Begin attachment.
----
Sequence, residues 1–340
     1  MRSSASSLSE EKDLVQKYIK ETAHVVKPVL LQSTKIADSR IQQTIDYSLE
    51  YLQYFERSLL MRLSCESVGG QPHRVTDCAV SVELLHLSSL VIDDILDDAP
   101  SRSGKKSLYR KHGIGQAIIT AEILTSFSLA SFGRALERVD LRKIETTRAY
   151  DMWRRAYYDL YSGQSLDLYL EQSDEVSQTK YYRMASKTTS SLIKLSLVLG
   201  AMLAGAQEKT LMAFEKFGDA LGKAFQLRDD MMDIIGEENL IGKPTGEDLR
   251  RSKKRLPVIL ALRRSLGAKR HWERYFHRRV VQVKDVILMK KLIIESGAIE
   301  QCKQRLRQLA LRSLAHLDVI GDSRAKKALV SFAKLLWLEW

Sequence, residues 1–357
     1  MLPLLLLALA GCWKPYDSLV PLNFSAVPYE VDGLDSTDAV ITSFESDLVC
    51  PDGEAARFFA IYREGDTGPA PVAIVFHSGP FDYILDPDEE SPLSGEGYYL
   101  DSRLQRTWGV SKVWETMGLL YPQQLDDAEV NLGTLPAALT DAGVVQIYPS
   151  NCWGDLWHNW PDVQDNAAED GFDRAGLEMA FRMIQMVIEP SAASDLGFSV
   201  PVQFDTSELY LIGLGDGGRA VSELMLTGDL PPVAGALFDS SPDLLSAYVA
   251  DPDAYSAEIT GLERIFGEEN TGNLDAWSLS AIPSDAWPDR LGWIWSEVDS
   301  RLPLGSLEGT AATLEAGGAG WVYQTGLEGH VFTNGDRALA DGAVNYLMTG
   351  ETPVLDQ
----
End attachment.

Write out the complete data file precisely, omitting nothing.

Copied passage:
Sequence, residues 1–340
     1  MRSSASSLSE EKDLVQKYIK ETAHVVKPVL LQSTKIADSR IQQTIDYSLE
    51  YLQYFERSLL MRLSCESVGG QPHRVTDCAV SVELLHLSSL VIDDILDDAP
   101  SRSGKKSLYR KHGIGQAIIT AEILTSFSLA SFGRALERVD LRKIETTRAY
   151  DMWRRAYYDL YSGQSLDLYL EQSDEVSQTK YYRMASKTTS SLIKLSLVLG
   201  AMLAGAQEKT LMAFEKFGDA LGKAFQLRDD MMDIIGEENL IGKPTGEDLR
   251  RSKKRLPVIL ALRRSLGAKR HWERYFHRRV VQVKDVILMK KLIIESGAIE
   301  QCKQRLRQLA LRSLAHLDVI GDSRAKKALV SFAKLLWLEW

Sequence, residues 1–357
     1  MLPLLLLALA GCWKPYDSLV PLNFSAVPYE VDGLDSTDAV ITSFESDLVC
    51  PDGEAARFFA IYREGDTGPA PVAIVFHSGP FDYILDPDEE SPLSGEGYYL
   101  DSRLQRTWGV SKVWETMGLL YPQQLDDAEV NLGTLPAALT DAGVVQIYPS
   151  NCWGDLWHNW PDVQDNAAED GFDRAGLEMA FRMIQMVIEP SAASDLGFSV
   201  PVQFDTSELY LIGLGDGGRA VSELMLTGDL PPVAGALFDS SPDLLSAYVA
   251  DPDAYSAEIT GLERIFGEEN TGNLDAWSLS AIPSDAWPDR LGWIWSEVDS
   301  RLPLGSLEGT AATLEAGGAG WVYQTGLEGH VFTNGDRALA DGAVNYLMTG
   351  ETPVLDQ